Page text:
Last week's agreements between Tele-Communications Incorporated (TCOMA) and Microsoft (MSFT) and TCI and Sun Microsystems (SUNW) show that the cable industry is beginning to lean heavily on a number of computer heavyweights as the suppliers of key technologies, raising the specter of raging turf battles.
With Microsoft's inclusion as the operating system (OS) technology in TCI's set-top boxes, some fear that the software giant will extend its dominance of desktop PC operating system market into a new market that could range in the tens of millions of customers, even as Sun strives to maintain the upper hand with its Java technology.
TCI is brokering deals with Microsoft, Sun, and several other companies to put in place the building blocks of next-generation TV set-top boxes. In short order, the basic, no-frills cable TV boxes of today will metamorphose into full-fledged set-top computers.
These set-tops would be able to offer video on demand, the ability to send and receive email, perform basic computer tasks, browse the Internet, and one day play back high-definition television signals. Priced between $200 to $500, the "information appliances" would be within range for anywhere from 60 percent to 80 percent of U.S. households, according to International Data Corporation.
TCI's interest in Microsoft certainly came about because of the potential of the Windows CE operating system to attract a vast number of software developers who already write software for the Windows 95 and NT operating systems.
"The TCI deal was a coup for Microsoft," says Van Baker, director of consumer research for Dataquest.
Still, Microsoft shouldn't spend too much time congratulating itself. The difference between a Web page and a software application is shrinking, according to Baker, meaning that programs are more often available directly as a part of a Web site, not as a proprietary application. Enter Sun and Java: Unlike most Microsoft software, Java applets are downloaded via a Web browser.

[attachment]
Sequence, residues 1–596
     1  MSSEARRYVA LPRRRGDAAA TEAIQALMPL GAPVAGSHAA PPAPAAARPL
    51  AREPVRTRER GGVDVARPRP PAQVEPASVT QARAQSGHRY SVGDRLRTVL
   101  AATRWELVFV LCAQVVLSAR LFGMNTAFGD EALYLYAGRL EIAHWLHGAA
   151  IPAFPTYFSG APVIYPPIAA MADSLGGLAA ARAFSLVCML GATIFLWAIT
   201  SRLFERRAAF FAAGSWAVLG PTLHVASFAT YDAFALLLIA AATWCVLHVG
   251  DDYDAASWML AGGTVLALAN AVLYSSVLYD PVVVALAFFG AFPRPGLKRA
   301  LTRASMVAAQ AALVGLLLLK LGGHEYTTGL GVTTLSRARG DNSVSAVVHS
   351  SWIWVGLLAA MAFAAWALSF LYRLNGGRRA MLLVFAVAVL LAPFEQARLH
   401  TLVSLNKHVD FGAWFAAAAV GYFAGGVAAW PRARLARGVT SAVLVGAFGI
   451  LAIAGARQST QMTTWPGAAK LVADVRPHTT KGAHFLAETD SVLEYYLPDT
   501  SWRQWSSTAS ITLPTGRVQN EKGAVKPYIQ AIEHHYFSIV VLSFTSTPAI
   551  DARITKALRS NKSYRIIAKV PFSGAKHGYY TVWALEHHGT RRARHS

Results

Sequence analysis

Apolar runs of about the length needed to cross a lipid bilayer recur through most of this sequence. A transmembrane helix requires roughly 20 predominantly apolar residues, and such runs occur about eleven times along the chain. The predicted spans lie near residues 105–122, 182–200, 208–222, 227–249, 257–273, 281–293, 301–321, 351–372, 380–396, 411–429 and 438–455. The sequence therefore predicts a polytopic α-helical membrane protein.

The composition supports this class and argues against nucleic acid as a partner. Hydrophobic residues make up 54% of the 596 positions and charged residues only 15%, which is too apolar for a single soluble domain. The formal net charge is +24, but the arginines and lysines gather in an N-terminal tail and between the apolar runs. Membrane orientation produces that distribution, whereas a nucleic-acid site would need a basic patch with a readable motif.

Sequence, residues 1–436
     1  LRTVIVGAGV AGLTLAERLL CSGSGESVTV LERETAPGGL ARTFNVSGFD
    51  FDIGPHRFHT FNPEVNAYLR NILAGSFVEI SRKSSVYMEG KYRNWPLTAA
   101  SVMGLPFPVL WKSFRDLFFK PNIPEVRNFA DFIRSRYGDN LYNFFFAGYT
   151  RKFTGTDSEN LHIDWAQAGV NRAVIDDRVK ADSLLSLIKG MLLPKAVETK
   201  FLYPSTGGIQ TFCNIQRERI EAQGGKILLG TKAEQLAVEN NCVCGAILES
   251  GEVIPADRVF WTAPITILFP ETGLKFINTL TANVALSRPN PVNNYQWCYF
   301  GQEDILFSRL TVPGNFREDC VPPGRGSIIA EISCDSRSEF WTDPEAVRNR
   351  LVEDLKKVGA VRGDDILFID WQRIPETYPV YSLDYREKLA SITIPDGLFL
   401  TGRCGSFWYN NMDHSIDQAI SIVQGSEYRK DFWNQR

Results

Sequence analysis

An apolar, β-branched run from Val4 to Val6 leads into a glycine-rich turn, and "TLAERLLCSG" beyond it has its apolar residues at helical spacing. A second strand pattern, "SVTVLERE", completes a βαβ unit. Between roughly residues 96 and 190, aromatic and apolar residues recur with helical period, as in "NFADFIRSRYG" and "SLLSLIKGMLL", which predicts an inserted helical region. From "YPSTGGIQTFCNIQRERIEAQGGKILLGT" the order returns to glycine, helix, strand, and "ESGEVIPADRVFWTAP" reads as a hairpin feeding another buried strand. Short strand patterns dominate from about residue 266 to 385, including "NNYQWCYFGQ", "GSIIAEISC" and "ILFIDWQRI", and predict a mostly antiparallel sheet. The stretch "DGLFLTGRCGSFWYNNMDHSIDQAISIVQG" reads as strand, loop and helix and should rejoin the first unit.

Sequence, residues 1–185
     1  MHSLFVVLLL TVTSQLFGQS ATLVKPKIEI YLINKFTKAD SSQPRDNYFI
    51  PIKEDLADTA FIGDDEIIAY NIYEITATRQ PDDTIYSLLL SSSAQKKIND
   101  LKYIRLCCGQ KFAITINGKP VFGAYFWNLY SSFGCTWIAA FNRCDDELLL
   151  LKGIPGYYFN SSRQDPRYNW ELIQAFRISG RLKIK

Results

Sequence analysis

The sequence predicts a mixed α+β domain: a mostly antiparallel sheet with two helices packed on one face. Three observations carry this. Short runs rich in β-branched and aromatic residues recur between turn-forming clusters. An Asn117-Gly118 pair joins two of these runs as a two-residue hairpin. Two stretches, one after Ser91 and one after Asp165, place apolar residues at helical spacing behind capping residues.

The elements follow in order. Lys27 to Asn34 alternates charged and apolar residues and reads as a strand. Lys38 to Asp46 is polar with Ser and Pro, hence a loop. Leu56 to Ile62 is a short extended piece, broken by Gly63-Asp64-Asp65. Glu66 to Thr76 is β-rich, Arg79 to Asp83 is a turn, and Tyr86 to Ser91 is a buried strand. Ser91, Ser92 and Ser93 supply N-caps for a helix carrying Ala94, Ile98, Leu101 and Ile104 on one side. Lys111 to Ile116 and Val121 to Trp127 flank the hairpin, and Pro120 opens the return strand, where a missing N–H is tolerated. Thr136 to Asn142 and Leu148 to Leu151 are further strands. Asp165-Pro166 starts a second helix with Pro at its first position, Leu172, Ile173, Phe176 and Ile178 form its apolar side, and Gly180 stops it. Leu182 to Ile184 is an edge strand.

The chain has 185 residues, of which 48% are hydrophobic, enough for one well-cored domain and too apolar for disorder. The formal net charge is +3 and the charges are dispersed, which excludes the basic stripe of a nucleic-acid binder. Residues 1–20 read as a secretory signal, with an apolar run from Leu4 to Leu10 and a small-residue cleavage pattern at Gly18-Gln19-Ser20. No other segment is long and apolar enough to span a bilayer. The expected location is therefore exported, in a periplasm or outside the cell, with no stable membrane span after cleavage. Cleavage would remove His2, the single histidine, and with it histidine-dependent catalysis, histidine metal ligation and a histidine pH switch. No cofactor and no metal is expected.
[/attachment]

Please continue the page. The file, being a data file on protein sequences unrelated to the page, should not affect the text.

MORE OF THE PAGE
Such trends are decreasing the importance of writing directly to an operating system because Internet content is largely standards-based, and the hardware used by digital set-top boxes will include other standardized technology such as MPEG-2 for the playback of video, which is not pegged on Microsoft technology.
Microsoft can still hope to gain a piece of transactions that take place between the set-top box user and the outside world, but its ability to impose conditions on the cable industry is--so far--less certain than in the PC industry.
"To the extent that cable companies can impose standards, that limits Microsoft's ability to control the transaction. If protocols are all set for the platform, it's going to be difficult for Microsoft to emerge as a dominant player," said Baker.
The cable companies agree, and are working on the OpenCable initiative, which is attempting to set specifications for what digital set-top boxes can do and how they will interoperate with the cable company's computer equipment.
The greater imperative for the cable companies is making different kinds of software available to end-users, which minimizes the importance of a single, monolithic OS, says Don Dulchinos, director of business development for CableLabs. Dulchinos is head of the OpenCable project.
Dulchinos notes that TCI isn't setting a de facto standard by beginning work with Microsoft, Sun, and other companies. All technology suppliers will have to have CableLabs certify that their equipment is interoperable based on a platform specification available in mid-1998.
Additionally, cable companies have a lot of work left to do before deploying the boxes, according to analysts.
"Cable companies need to make sure the return path [which sends data back to centrally located servers] is in place and functioning; all of this is very expensive and [slows down] the deployment of digital services," said Cynthia Brumfield, an analyst with market research firm Paul Kagan & Associates.
Cable operators are in the process of upgrading the "headend" equipment that distributes video and data to the new set-top boxes. Headend equipment, as well as the network cable and other materials needed for two-way services, needs to be installed at a number of cable company plants, says Brumfield. Most of this should be ready for the widespread deployment of digital set-top boxes.
Consumers shouldn't hold their breath for the new devices, however.
While Microsoft and TCI expect that they will begin to deploy digital set-top devices in late 1998 or early 1999, retail availability of such devices is not expected for another three to five years, according to analysts.